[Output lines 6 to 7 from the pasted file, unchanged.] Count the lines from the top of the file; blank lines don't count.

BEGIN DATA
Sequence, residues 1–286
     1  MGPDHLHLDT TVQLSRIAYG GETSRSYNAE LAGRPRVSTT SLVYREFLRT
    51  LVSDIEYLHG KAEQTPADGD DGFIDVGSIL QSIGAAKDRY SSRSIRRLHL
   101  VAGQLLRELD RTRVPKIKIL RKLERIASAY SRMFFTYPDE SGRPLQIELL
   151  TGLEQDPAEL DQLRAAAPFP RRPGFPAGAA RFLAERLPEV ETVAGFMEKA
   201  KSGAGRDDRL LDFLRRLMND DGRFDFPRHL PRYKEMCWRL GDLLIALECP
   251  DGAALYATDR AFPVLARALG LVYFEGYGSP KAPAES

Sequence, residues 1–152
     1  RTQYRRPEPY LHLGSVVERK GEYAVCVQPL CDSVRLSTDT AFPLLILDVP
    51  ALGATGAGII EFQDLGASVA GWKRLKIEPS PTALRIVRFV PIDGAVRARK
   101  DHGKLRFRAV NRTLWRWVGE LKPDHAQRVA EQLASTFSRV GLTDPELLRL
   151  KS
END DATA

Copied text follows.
   201  KSGAGRDDRL LDFLRRLMND DGRFDFPRHL PRYKEMCWRL GDLLIALECP
   251  DGAALYATDR AFPVLARALG LVYFEGYGSP KAPAES